Sunday, November 06, 2005

hierarchies in distributed cognitive

I'm a bit behind in the reading here, so pardon me if what I'm talking about gets somewhat resolved or at least addressed later on in the book. Pardon me... but also tell me about these parts.

(This is related to jmj's post in some way, too.... See my comment there.)

One thing I can't ignore in the first chapter is how Hutchin's description brushes up against but doesn't delve very far into the power politics of the distributed cognitive system that is made up largely of officers and enlisted sailors. It comes up in his description of "Military Identities" (14-17), which begins by suggesting that all enlisted people defer to all officers without serious problems and ends with the rather cursory remark, "the dynamics of the relationships among people engaged in the task of navigation are in part constrained by these identities" (17). The picture is made a little more complicated in the description of cheif's in-between-ness, but his image still seems neater than I'd expect...
(I guess my expectations are largely determined by some body of very politically-motivated research I imagine I read at one point, reasearch that would have paid lots of attention to the class dynamics (because that's sort of what it is) between officers and enlisted people. I can't point to any examples of research like this because none may actually exist, and if any does, I might not have ever read it...)
I guess my point, though, is that looking at all social activity as cognition (I think this is what Hutchins said he did in his manifesto) might ignore or not adequately account for asymmetrical power relations. (It's probably not totally crazy for me to guess that there was another phase of social research that focused on this.) It doesn't seem problematic at all to talk about "hierarchies" in cognition when it's something that a brain or a computer does, but it sort of bothers me (being the adolescent/Marxist that I suppose I am) to take hierarchies in social groups for granted...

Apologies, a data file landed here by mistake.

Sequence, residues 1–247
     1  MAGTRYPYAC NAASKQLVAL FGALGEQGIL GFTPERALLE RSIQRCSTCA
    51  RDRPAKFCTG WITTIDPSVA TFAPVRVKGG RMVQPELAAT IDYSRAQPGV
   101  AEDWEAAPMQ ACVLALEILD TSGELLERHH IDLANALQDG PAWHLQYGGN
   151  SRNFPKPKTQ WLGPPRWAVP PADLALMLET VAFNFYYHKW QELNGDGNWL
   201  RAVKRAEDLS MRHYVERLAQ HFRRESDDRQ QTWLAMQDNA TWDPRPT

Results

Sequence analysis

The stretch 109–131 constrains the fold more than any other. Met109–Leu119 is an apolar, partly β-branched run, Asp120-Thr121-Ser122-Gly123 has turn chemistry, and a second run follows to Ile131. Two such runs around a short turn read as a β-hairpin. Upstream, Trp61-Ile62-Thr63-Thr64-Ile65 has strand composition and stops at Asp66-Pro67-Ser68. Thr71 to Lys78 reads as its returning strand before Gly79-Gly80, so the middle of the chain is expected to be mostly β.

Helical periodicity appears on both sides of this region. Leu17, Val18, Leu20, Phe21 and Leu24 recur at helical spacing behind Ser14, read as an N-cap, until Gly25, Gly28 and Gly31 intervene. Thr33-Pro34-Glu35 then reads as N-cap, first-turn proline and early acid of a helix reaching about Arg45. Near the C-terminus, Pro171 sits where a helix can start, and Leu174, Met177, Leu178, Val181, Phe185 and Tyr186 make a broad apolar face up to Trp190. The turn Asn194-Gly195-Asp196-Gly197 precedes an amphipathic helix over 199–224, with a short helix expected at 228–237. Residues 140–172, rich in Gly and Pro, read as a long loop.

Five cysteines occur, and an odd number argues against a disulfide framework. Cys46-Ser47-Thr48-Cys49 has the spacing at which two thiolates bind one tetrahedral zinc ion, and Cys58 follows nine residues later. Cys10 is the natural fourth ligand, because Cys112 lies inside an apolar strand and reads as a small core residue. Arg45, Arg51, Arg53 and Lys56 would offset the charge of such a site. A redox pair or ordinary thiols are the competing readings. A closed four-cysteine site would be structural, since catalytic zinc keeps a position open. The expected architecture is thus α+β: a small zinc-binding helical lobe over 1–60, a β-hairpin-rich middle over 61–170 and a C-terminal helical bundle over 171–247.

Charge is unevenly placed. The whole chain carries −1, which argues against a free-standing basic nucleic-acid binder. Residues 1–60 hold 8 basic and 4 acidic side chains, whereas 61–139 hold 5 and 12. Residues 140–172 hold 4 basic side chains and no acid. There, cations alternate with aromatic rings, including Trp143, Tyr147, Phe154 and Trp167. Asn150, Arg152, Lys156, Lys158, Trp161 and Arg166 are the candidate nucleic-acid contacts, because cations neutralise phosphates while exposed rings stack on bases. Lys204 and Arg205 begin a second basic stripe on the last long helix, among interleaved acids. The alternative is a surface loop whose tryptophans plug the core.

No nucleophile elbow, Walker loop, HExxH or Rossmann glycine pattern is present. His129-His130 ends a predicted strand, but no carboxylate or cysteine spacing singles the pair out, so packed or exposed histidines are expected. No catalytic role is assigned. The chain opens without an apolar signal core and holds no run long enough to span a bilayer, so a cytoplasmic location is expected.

Maybe the way to not worry about this is to realize that when we talk about people acting as part of these cognitive/social systems, we are not talking about their whole lives or their whole selves, but only the (perhaps negligible?) part of them (?) that works in the system...? Or maybe I should just read more of the book.


Blogger jmj said...


I'm not sure Hutchins deals explicitly with the political effects you mention, but his description of the Coast Guard wreck in chapter 5 does point out that the captain made an error, while another officer on deck was aware of the way in which to correct that error but did not speak up. It seems here that Hutchins is implying, at least implicitly, that those power structures can sometimes be harmful.

4:16 PM  

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